Small wonder, then, that as the war ground on and as the society erupted into revolution, the men and women of Moscow would turn to him for spiritual guidance. He was called to Moscow to advise the Diocesan Congress, to serve them as bishop, and to make plans to restore the Patriarchate of Moscow and All Rus’, which had been abolished under the Petrine reforms nearly two hundred years before. The three candidates for the position of Patriarch were Archbishop Antony (Khrapovitsky) of Kharkov, greatest in wisdom and learning; Archbishop Arseny (Stadnitsky) of Novgorod, renowned for piety and strictness; and Metropolitan Tikhon (Bellavin) himself, who was humblest and kindest in temperament. The ballot for the patriarchate was held in the Cathedral of Christ the Saviour before the Vladimir ikon of the Holy Theotokos; and it was determined by the monks there that Metropolitan Tikhon had been chosen to become Patriarch. He was thus consecrated as Patriarch by Metropolitan (later Hieromartyr) Vladimir (Bogoyavlensky) of Kiev. After this happened, Patriarch Tikhon, referring to the Prophet Ezekiel’s scroll which read ‘lamentations, mourning and woe’, foresaw that his tenure as patriarch would be one filled with hardship; yet he let neither the status nor the hardships he foresaw change his character – he continued to surprise all those who met him with his meekness.

The Russian Revolution, after all, was well under way. Even though he had not shied away from making politically-outspoken statements in America; the situation in Russia demanded that the clergy take, to protect their flocks and indeed the witness of Church itself, a much more circumspect approach. ‘I can’t bless civil war,’ Patriarch Tikhon said, refusing to condemn either the communists or the counter-revolutionaries. ‘Red or White… all are children of the Church: sometimes faithful, sometimes straying. The only thing that I can do is to pray for reconciliation among our people.’ Rather than blessing or assenting to the bloodletting, Patriarch Tikhon used his position to call his people to repentance and to spiritual rebirth. He donated many church valuables to the aid of famine victims in the Volga basin, but he would not assent to the confiscation of Church property which was later demanded by the new Soviet government – for this he was thrown into prison, and many priests and believers were either imprisoned or executed. Likewise, he protested and resisted the ‘Living Church’ schism which took place under Soviet auspices in 1922, though when many of the schismatics repented and returned to the Orthodox Church, he met them with open arms and without recriminations – just as twenty years before he had been welcoming Uniates with similar joy and simplicity back into the Orthodox fold in America.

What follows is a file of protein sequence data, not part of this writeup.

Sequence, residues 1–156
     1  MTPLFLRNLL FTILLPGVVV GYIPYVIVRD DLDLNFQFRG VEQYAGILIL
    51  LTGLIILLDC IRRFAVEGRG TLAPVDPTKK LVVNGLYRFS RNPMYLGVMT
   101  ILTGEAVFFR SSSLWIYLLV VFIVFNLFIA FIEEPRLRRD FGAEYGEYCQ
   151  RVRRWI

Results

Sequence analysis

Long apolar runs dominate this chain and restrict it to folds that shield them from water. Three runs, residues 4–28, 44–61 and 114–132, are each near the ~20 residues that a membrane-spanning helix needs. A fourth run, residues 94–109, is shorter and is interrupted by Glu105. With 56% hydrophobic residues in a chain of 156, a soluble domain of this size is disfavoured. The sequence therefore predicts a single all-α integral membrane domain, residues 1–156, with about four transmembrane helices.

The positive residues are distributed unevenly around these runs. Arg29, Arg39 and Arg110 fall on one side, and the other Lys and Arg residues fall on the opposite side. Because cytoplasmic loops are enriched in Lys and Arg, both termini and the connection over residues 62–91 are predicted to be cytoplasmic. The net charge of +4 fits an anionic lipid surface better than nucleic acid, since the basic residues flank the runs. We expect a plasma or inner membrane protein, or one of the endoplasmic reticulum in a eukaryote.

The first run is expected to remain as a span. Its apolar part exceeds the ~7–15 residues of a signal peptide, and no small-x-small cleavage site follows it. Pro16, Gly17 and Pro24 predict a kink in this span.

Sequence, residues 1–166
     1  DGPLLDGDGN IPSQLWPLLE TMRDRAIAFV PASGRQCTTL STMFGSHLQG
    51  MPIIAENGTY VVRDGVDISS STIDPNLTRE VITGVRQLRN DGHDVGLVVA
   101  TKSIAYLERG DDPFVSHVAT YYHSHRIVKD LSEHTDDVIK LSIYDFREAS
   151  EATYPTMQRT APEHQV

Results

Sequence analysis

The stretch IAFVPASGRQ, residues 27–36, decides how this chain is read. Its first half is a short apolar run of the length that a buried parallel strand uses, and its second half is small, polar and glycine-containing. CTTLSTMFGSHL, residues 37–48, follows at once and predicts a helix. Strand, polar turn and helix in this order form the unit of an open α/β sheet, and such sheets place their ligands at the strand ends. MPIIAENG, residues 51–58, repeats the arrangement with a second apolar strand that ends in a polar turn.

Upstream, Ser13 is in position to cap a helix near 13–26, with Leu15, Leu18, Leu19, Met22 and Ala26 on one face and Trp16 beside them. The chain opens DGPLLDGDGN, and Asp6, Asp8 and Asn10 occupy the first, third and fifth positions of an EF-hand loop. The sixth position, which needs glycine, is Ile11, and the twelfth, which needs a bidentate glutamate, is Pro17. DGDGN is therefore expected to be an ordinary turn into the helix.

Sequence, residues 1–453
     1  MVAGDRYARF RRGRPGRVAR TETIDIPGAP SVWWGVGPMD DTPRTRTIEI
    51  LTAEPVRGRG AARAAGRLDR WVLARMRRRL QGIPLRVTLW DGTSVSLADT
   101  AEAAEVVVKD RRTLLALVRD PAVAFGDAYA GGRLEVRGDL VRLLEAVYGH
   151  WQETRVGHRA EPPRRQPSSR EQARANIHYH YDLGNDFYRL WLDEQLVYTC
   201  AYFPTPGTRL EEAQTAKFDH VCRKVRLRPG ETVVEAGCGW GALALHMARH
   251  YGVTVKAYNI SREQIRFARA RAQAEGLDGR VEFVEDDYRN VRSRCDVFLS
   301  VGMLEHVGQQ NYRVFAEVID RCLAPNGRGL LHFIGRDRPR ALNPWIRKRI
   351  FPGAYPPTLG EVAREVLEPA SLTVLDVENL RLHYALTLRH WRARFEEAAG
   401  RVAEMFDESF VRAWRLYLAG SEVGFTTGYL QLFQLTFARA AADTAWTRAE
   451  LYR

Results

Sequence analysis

The upheavals in the Church and the repressions of the Soviet government took their toll on the good and generous Patriarch’s health; he worked and prayed through many sleepless nights. In 1924 he took ill and had to be admitted to a hospital – though he would leave it on Sundays and feast days to hold the Divine Liturgy, even to the very end of his life. He held his last Liturgy on the 23 March (OC), and two days later he was visited by Metropolitan Peter at the hospital, where they had a long conversation. He fell asleep, then awoke during the middle of the night; he crossed himself twice with the words ‘glory to Thee, O Lord, glory to Thee’, and thus met his repose.

Patriarch Tikhon was met with nearly a million mourners in Moscow when he was interred at Donskoy Monastery. He had, after all, for all his self-defacement, gentleness and meekness, been a shining beacon of Orthodoxy – his mild forgiveness on matters corporeal and his firmness on matters eternal had steered the Orthodox faithful through one of their most difficult trials in recent history. Not for nothing is our beloved and blessed Patriarch Tikhon, dear to our hearts here in America as I’m sure he is to those in Russia, counted among the martyrs!
Let us praise Tikhon, the patriarch of all Russia,
And enlightener of North America:
An ardent follower of the Apostolic traditions,
And good pastor of the Church of Christ.
Who was elected by divine providence,
And laid down his life for his sheep.
Let us sing to him with faith and hope,
And ask for his hierarchical intercessions:
Keep the church in Russia in tranquillity,
And the church in North America in peace.
Gather her scattered children into one flock,
Bring to repentance those who have renounced the True Faith,
Preserve our lands from civil strife,
And entreat God's peace for all people!